Secular schools can definitely serve a purpose, yes, but it is the Christian seminary that gives students the opportunity to gleefully indulge in obedience to the first and greatest commandment of the Lord of the church (Matthew 22:34-39). This is what we hope and pray residential doctoral education—and all education we provide at Spurgeon College, the MDiv level, and our broader doctoral program—will entail at our seminary (See, for example, our recent hiring of both Drs. Andreas Köstenberger and Matthew Barrett—what gifts these men are to our students).

I can and will be saying a good deal more about The Residency in days to come. I am grateful to Thor Madsen and Rodney Harrison for getting us off to such a strong start thus far. The Residency is wholly unique, and we are currently refining our plans for it such that students will graduate with all sorts of advantages: publishing experience, teaching experience, intensive attention to theological writing, training for scholarship and church leadership, conference involvement (big news here in days ahead), and much more. The core of The Residency, though, is simple: weekly gatherings akin to the Inklings of Oxford but at a doctoral level. We will talk, we will laugh, we will eat delicious homemade scones and drink delicious local coffee (a must in our age!), and we will prepare for ministry in fields that are white for harvest. I can’t wait to lead these weekly gatherings, and to invite in key figures from our own school and beyond to instruct and dialogue with our students.

Here, then, is the big action point: consider coming to Midwestern Seminary. Join us in The Residency. We will start our formal program in August, just a couple months away. In Kansas City, we are building a program that we pray will bless the church. It is no small thing, of course, to move to a campus; the experience can be challenging, and there are many matters to handle, particularly if a student has a family. Further, we live in an age when many seminaries are getting smaller and smaller. They are not beginning new programs and filling them full of energy and verve—they are closing their residential programs down, downsizing their operations, and generally offering the churches they serve less and less and less. Whatever the Lord decides to do with The Residency (and it can only grow by his grace), know this: we are not downsizing at Midwestern. We are not closing operations down. We are standing fast. By divine aid, and without any presumption of future results, we are growing. We are scheming to add more and more and more that will strengthen local churches and serve the congregations of the Southern Baptist Convention well.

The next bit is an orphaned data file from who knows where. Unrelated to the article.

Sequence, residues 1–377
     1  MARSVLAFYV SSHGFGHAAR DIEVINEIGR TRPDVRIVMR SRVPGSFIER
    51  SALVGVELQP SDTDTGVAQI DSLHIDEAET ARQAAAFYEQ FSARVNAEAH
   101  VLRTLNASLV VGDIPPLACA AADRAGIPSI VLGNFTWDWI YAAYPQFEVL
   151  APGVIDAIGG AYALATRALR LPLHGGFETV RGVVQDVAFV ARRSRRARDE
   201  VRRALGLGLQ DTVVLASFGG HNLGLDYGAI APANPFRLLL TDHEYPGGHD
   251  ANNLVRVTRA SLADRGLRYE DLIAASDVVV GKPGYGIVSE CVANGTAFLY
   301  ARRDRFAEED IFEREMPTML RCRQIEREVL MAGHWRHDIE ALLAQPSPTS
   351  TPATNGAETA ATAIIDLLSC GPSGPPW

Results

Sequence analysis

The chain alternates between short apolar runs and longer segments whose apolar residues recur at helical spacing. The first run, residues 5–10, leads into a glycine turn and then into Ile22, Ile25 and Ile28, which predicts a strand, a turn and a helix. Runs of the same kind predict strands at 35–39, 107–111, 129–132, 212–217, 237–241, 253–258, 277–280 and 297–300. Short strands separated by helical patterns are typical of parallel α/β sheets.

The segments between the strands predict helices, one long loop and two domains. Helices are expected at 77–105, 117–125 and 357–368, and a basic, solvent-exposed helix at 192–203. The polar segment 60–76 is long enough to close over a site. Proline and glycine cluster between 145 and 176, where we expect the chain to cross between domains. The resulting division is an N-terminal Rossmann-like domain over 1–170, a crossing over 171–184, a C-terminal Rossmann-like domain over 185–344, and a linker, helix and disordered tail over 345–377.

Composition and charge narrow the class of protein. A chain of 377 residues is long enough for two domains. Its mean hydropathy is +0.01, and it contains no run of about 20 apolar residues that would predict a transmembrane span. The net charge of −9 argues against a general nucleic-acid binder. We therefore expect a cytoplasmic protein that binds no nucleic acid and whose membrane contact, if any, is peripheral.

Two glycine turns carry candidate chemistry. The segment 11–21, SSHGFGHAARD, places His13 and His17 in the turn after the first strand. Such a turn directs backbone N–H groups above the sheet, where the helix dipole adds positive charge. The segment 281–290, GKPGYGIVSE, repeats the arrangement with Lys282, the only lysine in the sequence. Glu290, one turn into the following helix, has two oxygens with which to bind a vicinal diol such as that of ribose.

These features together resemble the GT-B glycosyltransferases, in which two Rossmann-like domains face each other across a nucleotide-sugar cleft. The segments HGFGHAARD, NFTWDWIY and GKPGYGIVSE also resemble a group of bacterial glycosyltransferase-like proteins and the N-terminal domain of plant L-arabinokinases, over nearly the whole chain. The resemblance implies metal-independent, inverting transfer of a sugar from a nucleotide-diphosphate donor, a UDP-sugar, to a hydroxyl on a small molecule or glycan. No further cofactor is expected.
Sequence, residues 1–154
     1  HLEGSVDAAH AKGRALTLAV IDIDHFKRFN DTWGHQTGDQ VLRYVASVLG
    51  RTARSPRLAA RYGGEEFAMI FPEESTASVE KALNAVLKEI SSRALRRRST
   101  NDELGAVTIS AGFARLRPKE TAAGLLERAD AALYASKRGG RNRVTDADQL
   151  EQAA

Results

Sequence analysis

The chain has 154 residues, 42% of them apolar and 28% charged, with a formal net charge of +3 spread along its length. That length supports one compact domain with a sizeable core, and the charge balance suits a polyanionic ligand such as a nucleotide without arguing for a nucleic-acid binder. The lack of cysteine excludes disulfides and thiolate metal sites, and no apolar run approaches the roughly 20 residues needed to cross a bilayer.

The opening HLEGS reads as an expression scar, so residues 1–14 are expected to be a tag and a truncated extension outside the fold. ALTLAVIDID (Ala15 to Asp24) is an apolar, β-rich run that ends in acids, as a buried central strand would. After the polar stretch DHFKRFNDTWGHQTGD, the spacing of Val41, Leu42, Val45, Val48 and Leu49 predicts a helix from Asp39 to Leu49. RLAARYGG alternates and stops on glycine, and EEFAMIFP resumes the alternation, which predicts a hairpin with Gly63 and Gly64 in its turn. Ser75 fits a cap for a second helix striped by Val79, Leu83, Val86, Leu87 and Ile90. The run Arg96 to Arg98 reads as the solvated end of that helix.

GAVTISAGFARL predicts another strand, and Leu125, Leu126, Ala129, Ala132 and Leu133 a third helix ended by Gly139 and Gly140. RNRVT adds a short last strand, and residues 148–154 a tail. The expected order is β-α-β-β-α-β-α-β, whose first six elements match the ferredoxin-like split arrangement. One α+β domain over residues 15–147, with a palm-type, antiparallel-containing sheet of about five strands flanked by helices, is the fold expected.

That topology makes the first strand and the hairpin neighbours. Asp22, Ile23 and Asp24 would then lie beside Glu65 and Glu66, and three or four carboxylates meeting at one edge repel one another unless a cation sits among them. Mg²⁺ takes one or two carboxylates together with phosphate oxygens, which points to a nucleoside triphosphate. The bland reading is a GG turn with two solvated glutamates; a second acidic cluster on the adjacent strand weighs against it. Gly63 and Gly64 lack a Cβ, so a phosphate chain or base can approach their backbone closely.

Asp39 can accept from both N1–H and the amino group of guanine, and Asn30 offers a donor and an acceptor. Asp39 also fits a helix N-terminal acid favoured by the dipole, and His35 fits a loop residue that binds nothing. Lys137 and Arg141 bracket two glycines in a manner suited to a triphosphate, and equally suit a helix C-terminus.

The Inklings are no more, but their dream has not died. The world is a cold place, and secularism is indeed on the march. On Midwestern’s campus, however, the fire is warm, and the life of the mind is ablaze. God is building his church, and the gates of hell—pity them—cannot stand against it.